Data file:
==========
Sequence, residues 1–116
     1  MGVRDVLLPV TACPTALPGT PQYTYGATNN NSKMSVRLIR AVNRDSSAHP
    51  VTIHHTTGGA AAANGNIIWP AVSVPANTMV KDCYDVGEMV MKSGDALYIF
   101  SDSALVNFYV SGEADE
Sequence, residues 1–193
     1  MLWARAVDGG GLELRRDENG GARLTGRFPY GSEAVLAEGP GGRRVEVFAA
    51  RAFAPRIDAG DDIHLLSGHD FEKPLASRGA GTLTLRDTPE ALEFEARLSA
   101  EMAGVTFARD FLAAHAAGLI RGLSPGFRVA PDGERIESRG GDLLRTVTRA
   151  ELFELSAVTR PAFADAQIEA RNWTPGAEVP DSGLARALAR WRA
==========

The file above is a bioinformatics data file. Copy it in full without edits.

Sequence, residues 1–116
     1  MGVRDVLLPV TACPTALPGT PQYTYGATNN NSKMSVRLIR AVNRDSSAHP
    51  VTIHHTTGGA AAANGNIIWP AVSVPANTMV KDCYDVGEMV MKSGDALYIF
   101  SDSALVNFYV SGEADE
Sequence, residues 1–193
     1  MLWARAVDGG GLELRRDENG GARLTGRFPY GSEAVLAEGP GGRRVEVFAA
    51  RAFAPRIDAG DDIHLLSGHD FEKPLASRGA GTLTLRDTPE ALEFEARLSA
   101  EMAGVTFARD FLAAHAAGLI RGLSPGFRVA PDGERIESRG GDLLRTVTRA
   151  ELFELSAVTR PAFADAQIEA RNWTPGAEVP DSGLARALAR WRA